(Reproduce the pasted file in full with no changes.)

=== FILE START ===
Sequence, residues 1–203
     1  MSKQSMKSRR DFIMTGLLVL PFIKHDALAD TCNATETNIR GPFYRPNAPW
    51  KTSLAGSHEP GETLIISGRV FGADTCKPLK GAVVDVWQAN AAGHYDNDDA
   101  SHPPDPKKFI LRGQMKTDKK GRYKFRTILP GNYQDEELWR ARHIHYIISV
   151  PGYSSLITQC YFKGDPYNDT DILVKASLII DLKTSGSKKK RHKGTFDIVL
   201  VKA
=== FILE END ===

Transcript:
Sequence, residues 1–203
     1  MSKQSMKSRR DFIMTGLLVL PFIKHDALAD TCNATETNIR GPFYRPNAPW
    51  KTSLAGSHEP GETLIISGRV FGADTCKPLK GAVVDVWQAN AAGHYDNDDA
   101  SHPPDPKKFI LRGQMKTDKK GRYKFRTILP GNYQDEELWR ARHIHYIISV
   151  PGYSSLITQC YFKGDPYNDT DILVKASLII DLKTSGSKKK RHKGTFDIVL
   201  VKA